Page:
News organizations filed motions for access to contract

LEXINGTON, N.C. -- A judge ruled Wednesday that the public
can see all the previously sealed exhibits introduced as evidence
in a lawsuit pitting the owner of Dale Earnhardt's racing team and
the insurance company that refused to pay when he died.

Judge Kimberly Taylor lifted a previous court order that sealed
exhibits introduced in the trial. The only exhibit that remained
unavailable is an unedited copy of Earnhardt's contract with
Richard Childress Racing, which was replaced by a version with five
of eight pages blacked out at the request of the plaintiffs.

The decision came in response to a motion seeking access to the
exhibits filed by The Associated Press, The Charlotte Observer,
NASCAR Scene and the North Carolina Press Association. Unsealed
exhibits were expected to be available for review Thursday, clerk
of court Brian Shipwash said.

Richard Childress Racing, Earnhardt's employer, was required to
carry $7.2 million in insurance to cover the driver's base salary,
according to a portion of Earnhardt's edited contract. That
included $3.7 million with insurer United of Omaha, which RCR
claims cheated widow Teresa Earnhardt out of the payment after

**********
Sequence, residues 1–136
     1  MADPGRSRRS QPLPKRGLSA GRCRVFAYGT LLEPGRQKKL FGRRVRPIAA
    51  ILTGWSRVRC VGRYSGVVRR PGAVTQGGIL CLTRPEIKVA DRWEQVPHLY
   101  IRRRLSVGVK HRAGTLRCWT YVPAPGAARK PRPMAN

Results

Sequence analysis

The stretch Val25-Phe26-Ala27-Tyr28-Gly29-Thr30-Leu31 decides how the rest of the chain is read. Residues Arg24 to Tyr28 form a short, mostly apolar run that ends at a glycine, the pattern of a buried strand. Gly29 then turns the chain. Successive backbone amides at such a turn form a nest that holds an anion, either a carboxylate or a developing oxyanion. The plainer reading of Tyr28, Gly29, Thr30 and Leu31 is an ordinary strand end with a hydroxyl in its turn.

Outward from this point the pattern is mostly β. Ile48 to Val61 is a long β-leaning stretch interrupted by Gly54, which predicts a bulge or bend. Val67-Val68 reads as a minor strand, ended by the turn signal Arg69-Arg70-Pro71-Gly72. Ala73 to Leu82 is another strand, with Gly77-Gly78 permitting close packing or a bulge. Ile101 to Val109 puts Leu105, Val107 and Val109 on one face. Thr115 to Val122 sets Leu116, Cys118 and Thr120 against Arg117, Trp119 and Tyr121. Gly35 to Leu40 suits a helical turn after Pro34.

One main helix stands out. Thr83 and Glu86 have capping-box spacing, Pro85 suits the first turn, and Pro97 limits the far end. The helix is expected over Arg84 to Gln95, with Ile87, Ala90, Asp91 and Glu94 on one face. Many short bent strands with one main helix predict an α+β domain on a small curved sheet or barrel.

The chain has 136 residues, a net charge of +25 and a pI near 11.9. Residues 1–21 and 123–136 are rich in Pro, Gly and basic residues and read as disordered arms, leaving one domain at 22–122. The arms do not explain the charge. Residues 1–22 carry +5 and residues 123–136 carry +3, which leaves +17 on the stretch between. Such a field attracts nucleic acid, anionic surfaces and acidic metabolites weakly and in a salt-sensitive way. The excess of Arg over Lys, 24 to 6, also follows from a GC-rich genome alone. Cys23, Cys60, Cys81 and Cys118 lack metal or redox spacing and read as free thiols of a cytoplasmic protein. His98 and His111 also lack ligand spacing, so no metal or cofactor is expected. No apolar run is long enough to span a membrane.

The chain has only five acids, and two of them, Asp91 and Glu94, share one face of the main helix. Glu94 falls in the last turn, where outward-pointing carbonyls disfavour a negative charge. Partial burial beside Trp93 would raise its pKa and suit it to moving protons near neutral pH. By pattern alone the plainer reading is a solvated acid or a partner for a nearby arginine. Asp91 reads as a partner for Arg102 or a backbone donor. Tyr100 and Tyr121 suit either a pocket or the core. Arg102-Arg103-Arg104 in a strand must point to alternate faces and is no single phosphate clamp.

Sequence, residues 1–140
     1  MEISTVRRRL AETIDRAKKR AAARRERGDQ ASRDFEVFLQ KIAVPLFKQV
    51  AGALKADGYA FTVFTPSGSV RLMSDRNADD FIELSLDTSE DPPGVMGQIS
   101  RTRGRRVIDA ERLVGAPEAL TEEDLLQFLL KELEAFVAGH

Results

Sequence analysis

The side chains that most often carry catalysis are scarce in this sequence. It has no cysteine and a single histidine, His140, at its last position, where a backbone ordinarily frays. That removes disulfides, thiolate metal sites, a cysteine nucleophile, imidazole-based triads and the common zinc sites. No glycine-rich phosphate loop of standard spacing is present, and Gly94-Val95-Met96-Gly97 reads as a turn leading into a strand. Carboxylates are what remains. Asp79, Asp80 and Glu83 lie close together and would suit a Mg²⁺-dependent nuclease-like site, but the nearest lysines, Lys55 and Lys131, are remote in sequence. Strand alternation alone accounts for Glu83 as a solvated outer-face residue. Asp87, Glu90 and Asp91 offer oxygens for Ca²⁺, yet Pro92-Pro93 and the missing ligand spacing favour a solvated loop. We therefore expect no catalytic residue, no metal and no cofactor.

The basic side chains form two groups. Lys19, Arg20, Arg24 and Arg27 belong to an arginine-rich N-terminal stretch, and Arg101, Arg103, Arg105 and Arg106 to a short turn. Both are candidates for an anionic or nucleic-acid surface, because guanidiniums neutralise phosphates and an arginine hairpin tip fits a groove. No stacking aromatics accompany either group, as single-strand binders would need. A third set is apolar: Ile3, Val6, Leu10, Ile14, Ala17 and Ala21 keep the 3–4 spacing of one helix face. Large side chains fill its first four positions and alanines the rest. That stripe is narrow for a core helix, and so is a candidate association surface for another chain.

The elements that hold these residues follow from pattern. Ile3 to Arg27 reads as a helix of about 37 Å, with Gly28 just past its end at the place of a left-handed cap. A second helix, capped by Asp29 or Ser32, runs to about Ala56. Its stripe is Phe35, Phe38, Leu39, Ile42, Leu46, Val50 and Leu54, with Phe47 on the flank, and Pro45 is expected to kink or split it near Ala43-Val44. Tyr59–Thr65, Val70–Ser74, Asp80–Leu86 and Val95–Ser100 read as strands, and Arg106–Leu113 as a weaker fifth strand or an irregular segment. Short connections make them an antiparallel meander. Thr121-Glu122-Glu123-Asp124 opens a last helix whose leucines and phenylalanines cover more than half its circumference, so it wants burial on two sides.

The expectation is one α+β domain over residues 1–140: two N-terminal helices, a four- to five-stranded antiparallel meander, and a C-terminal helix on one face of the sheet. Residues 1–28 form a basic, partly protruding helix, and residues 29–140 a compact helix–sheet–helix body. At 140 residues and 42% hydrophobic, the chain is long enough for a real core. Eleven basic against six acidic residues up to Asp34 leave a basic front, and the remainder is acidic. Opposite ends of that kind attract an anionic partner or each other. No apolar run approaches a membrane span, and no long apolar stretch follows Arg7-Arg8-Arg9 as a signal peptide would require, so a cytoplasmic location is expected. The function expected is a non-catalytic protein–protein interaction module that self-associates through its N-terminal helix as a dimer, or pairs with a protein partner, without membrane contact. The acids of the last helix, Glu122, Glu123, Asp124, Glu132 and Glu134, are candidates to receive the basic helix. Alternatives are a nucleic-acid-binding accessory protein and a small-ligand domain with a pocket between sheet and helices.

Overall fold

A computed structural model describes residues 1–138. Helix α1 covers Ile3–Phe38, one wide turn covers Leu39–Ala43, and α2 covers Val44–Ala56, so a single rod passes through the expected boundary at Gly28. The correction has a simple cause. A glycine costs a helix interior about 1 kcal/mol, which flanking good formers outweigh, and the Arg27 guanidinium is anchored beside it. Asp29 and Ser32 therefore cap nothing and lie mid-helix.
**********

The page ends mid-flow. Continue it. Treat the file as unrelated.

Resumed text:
Earnhardt's death in a last-lap crash of the Daytona 500 in 2001.

RCR took out the policy and is pursuing the matter on the
family's behalf. Another insurer has already paid a $3.5 million

United of Omaha claims the policy was never valid for Earnhardt
because he had not taken a required physical.

Also on Wednesday, the plaintiffs rested their case by
presenting another expert saying the insurer should have honored
the $3.7 million claim.

Brian Tilden, a consultant who teaches courses about life
insurance, testified that mistakes made by the agent who took
Earnhardt's life insurance application made the insurer responsible
for full coverage.

Under cross-examination by defense attorney Stephen Coles,
Tilden acknowledged that Earnhardt never made himself available for
the physical examination. He testified he knew of no other case in
which an insurance company paid a full claim if an applicant did
not fulfill requirements.